At least 100 people have been killed and 4,000 are injured after a large explosion rocked the Lebanese capital Beirut as images showed a giant column of smoke rising over the city.
The most powerful explosion to hit Beirut in years shook the ground, leaving some residents thinking an earthquake had struck. The blast was so large it was felt over a hundred miles away in Cyprus.
The blast occurred in the city’s port area, where there were warehouses housing explosives.
President Michel Aoun said that 2,750 tonnes of ammonium nitrate had been stored for six years at the port without safety measures. He said it was “unacceptable”.
Hours after the blast, ambulances still carried away the wounded as army helicopters helped battle fires raging at the port.
George Kettani, the head of Lebanon’s Red Cross, said at least 100 people were killed and more than 4,000 were wounded.
“What we are witnessing is a huge catastrophe. There are victims and casualties everywhere,” he said.
Footage of the blast shared by residents on social media showed a huge plume of smoke rising from the port district followed by an enormous blast. Those filming what initially appeared to be a big blaze were thrown backwards by the shock of the explosion.
Another view of the explosions in Beirut pic.twitter.com/efT5VlpMkj— Borzou Daragahi 🖊🗒 (@borzou) August 4, 2020
I am told this was a warehouse storing fireworks that blew up.— Rym Momtaz ريم ممتاز (@RymMomtaz) August 4, 2020
There were literally tons of fireworks there, so the explosion was gigantic and the impact radius felt across the city (glass in my own family's homes in different parts of Beirut blew up). https://t.co/L6hfhOhBZT
“I have never in my life seen disaster this big, this grand, this catastrophic,” said Beiruit’s governor, Marwan Abboud, before he broke down crying.
“This is a national catastrophe. This a disaster for Lebanon. We don’t know how we’re going to recover from this. We need to stay strong and we need to be courageous, but this, our people have been through so much.”
One witness told the Reuters news agency: “I saw a fireball and smoke billowing over Beirut. People were screaming and running, bleeding. Balconies were blown off buildings. Glass in high-rise buildings shattered and fell to the street.”
Another Reuters witness said she saw heavy grey smoke near the port area and then heard an explosion and saw flames of fire and black smoke: “All the downtown area windows are smashed and there are wounded people walking around. It is total chaos.”
Lebanon’s health care system is already being outstretched by chronic underfunding and a surge in coronavirus cases. Doctors and nurses had already warned of a shortage of medical supplies, including anaesthesia drugs and sutures, the AP reported last week. The American University of Beirut Medical Center, one of the most prestigious hospitals in the Middle East, laid off hundreds of workers in recent weeks.
Lebanon is in the midst of its worst economic crisis in decades, with its currency losing more than 80% of its value and unemployment soaring, pushing millions of people into poverty.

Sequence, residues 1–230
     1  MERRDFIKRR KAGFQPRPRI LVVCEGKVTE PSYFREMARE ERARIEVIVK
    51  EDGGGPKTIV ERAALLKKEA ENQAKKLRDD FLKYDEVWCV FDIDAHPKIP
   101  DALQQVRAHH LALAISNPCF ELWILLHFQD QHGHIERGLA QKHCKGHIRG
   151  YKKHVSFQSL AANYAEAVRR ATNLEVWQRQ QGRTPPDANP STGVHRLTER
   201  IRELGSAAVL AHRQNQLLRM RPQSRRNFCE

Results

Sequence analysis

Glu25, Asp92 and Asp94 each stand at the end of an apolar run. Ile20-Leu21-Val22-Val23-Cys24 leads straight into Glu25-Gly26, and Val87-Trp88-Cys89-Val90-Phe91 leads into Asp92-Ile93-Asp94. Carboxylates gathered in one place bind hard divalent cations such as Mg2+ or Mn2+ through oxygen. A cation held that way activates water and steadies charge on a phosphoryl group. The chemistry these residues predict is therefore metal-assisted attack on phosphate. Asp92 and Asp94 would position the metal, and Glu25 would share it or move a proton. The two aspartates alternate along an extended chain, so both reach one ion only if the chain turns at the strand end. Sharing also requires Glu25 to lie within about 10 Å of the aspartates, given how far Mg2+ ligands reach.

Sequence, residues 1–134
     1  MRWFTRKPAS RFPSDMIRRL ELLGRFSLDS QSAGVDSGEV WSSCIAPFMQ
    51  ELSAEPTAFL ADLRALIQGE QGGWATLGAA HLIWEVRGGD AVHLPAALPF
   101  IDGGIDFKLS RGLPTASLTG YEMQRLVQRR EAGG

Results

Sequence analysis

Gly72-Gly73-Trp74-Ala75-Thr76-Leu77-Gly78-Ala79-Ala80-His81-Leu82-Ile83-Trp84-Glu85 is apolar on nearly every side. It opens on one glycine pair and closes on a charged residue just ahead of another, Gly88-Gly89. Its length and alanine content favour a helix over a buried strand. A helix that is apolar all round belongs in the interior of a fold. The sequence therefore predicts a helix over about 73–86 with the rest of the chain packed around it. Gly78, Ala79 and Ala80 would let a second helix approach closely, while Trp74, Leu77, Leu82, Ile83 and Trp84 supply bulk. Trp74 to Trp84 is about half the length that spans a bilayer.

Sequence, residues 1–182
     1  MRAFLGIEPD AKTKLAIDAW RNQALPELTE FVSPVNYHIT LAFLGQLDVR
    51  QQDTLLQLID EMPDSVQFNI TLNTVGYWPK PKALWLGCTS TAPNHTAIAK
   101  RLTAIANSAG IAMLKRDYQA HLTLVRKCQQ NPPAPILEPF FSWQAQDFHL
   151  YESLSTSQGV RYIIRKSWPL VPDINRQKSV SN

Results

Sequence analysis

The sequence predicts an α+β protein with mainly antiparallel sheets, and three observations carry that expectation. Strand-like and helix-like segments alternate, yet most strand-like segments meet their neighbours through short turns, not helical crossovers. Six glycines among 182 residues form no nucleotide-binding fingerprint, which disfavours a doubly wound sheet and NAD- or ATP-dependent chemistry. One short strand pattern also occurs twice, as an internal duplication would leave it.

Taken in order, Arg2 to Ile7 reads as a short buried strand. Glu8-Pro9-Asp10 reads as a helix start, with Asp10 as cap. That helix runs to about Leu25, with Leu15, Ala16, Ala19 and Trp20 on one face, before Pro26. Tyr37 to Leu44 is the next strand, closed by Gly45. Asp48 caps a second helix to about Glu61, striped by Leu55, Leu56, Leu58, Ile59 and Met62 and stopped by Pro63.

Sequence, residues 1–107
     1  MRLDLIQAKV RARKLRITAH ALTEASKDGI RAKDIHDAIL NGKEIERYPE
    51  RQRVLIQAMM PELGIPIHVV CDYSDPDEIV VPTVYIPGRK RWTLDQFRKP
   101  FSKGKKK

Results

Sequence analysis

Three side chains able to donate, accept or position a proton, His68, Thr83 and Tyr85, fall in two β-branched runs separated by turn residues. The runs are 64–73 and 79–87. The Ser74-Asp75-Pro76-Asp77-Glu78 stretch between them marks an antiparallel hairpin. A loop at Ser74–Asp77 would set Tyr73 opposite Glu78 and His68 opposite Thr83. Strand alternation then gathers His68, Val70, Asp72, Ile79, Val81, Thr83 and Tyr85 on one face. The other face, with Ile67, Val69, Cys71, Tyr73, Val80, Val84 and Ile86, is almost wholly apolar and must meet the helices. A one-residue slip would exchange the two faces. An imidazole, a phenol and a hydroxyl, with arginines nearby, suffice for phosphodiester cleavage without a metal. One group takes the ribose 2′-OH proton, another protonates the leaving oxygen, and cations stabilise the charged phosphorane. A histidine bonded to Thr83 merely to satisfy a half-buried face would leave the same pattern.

The crisis began last year, before the coronavirus pandemic hit: Lebanon has long relied on reserves of foreign currency, particularly the US dollar, for essential imports, but political leaders and banks failed to maintain that stock or to develop the economy to produce exports and earn money. The virus-related global economic slowdown further hurt Lebanon’s economy and slashed inflows of money from Lebanese working abroad who suddenly faced reduced circumstances.
Last autumn, tens of thousands of protesters staged weeks of largely peaceful demonstrations against Lebanon’s ruling elite over their failure to deliver basic services and to prevent the financial crunch.
The explosion occurred three days before a UN-backed court is due to deliver a verdict in the trial of four suspects from the Shi’ite Muslim group Hezbollah over a 2005 bombing which killed former prime minister Rafik al-Hariri and 21 others.
Hariri was killed by a huge truck bomb on the same waterfront, about one mile from the port.
Israeli officials said Israel, which has fought several wars with Lebanon, had nothing to do with Tuesday’s blast and said their country was ready to give humanitarian and medical assistance. Shi’ite Iran, the main backer of Hezbollah, also offered support, as did Tehran’s regional rival Saudi Arabia, a leading Sunni power.
Western countries including the US, Britain and France said they were ready to assist.
Images showed port buildings reduced to tangled masonry, devastating the main entry point to a country that relies on food imports to feed its population of more than 6 million.
It threatens a new humanitarian crisis in a nation that hosts hundreds of thousands of Syrian refugees and which is already grappling with economic meltdown under one of the world’s biggest debt burdens.
Residents said glass was broken in neighbourhoods on Beirut’s Mediterranean coast and inland suburbs several miles away. In Cyprus, a Mediterranean island around 150 miles across the sea from Beirut, residents heard the blast. One resident in Nicosia said his house and window shutters shook.
This article originally appeared on HuffPost UK and has been updated.